For myself, the hardest part in all of this for me is having to talk about it with my 10 year old Monkey man. Linkin Park has been one of his favorite bands since he was 6. (Clean versions of the songs 😉 ) It’s challenging for me as a mom to bond and connect with him and music has been something we can share together. We may not always have talks in the car but we sing songs together of music we both love. Linkin Park has been one of those bands. Although Monkey wasn’t with me when I received the text, he was in the car with my friend and her son and it came on the radio so quickly, that she didn’t have time to change the station. So he heard and my friend did an amazing job talking to them about what they heard and I am so thankful she took the time to talk with them.

But call it mother’s intuition, I knew Chester’s death was having an affect on my son. I could see it in his face and his mannerisms. So last night in the car, while we listened to Linkin Park, I turned down the volume and I said, “I know you heard about Chester’s death, can we talk about it?” and he put his head in his hands and he cried. And I cried. And we talked. I talked to him about how it’s okay to be sad, even though we didn’t personally know Chester. I talked to him about the importance of talking to someone when you have bad days and feel down. He said he heard someone say Chester had depression and I told him he did. I told him that sometimes people are in so much pain, that they believe dying is their only option for peace from their pain. So we sat in our driveway, we cried, hugged and mourned together the loss of Chester.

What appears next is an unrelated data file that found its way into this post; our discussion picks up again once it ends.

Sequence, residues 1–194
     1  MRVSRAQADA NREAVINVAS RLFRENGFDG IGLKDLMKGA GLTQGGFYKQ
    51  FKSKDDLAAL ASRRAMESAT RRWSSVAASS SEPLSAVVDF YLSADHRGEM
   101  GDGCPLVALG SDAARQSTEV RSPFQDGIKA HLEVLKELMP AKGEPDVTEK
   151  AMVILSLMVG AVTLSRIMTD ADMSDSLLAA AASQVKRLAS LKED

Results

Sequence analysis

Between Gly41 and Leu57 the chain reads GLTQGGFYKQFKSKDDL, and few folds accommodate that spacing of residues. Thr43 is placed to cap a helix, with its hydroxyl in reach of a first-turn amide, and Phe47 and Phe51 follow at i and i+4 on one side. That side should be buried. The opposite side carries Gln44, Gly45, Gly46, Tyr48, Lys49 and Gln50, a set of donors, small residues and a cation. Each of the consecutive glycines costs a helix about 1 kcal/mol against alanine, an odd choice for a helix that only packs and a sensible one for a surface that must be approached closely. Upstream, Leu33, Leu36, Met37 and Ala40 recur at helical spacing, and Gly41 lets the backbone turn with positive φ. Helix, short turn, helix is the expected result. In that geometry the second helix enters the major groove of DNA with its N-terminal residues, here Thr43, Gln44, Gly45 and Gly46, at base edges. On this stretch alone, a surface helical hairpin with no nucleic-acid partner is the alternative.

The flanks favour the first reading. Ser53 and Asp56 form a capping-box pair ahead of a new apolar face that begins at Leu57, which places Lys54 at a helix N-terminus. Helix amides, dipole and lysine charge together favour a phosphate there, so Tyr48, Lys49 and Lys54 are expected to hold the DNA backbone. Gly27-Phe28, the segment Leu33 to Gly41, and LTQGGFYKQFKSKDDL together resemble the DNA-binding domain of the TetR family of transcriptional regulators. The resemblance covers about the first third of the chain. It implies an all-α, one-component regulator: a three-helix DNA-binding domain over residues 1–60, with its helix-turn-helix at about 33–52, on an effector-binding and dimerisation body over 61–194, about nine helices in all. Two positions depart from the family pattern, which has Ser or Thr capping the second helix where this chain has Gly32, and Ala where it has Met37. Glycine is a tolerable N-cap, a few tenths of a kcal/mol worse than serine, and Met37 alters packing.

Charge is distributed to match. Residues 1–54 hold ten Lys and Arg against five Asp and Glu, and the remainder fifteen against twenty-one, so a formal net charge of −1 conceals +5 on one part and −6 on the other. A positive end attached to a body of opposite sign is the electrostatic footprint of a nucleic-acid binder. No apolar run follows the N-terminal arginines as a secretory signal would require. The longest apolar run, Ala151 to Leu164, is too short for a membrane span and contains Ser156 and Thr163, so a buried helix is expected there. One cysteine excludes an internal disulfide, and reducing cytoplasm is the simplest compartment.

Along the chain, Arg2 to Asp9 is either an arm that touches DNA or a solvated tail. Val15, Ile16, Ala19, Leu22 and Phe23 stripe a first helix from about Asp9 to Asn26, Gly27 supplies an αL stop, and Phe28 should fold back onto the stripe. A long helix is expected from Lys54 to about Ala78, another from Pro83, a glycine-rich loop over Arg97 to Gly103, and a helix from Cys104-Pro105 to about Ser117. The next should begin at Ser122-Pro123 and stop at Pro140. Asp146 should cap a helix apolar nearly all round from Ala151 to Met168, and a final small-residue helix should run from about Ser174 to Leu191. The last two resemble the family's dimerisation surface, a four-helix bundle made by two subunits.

I have cried a lot over the last couple days and it’s felt weird. I never had the honor of personally meeting Chester although I did have the privilege of seeing them in concert. It is still one of my favorite shows to date. The energy Chester as well as the rest of the members of Linkin Park put into the show was unlike anything I had ever seen before. But it’s definitely a weird feeling to mourn the loss of someone you never met. But Chester had such an impact on my life through his music. His music got me through some really dark moments. His music help create a special bond between me and my son. His music inspired me. He inspired me. I wish Chester could have realized how madly and deeply he was loved, wanted and needed. How thousands and thousands of people are mourning him, most who have never even met him, but he helped them through his music. I wish he knew that it can get better. That there can be peace and healing from depression.

I have lived through some bad times. My postpartum depression and anxiety almost cost me my life. It could have been me who died by suicide. Every day isn’t always easy, but I have found hope, healing and peace through Jesus. It hasn’t been easy. Some days I even questioned if He existed. But on my knees, in the darkest of my moments, I started to see the light at the end of the tunnel. It’s been a process. It has been a journey of finding the right sources to help me. It’s not like I woke up one day and was cured. It doesn’t work like that. I’m on supplements that I will take for the rest of my life. I can’t eat certain foods or drink certain drinks anymore. I have regular therapy sessions and I advocate for mental health. I talk about mental health A LOT.

We HAVE got to get better about breaking the stigma around mental health. We simply can’t afford to watch more and more people die by suicide. These are lives worth living. Chester was worth living. YOU are worth living.

Please know you are never alone. If you or someone you know is struggling or contemplating suicide, please go to the nearest emergency room or contact a qualified crisis line, such as the 24/7 National Suicide Prevention Lifeline at 1-800-273-8255**

 

 

 

 

RIP Chester Bennington 03/20/1976-07/20/2017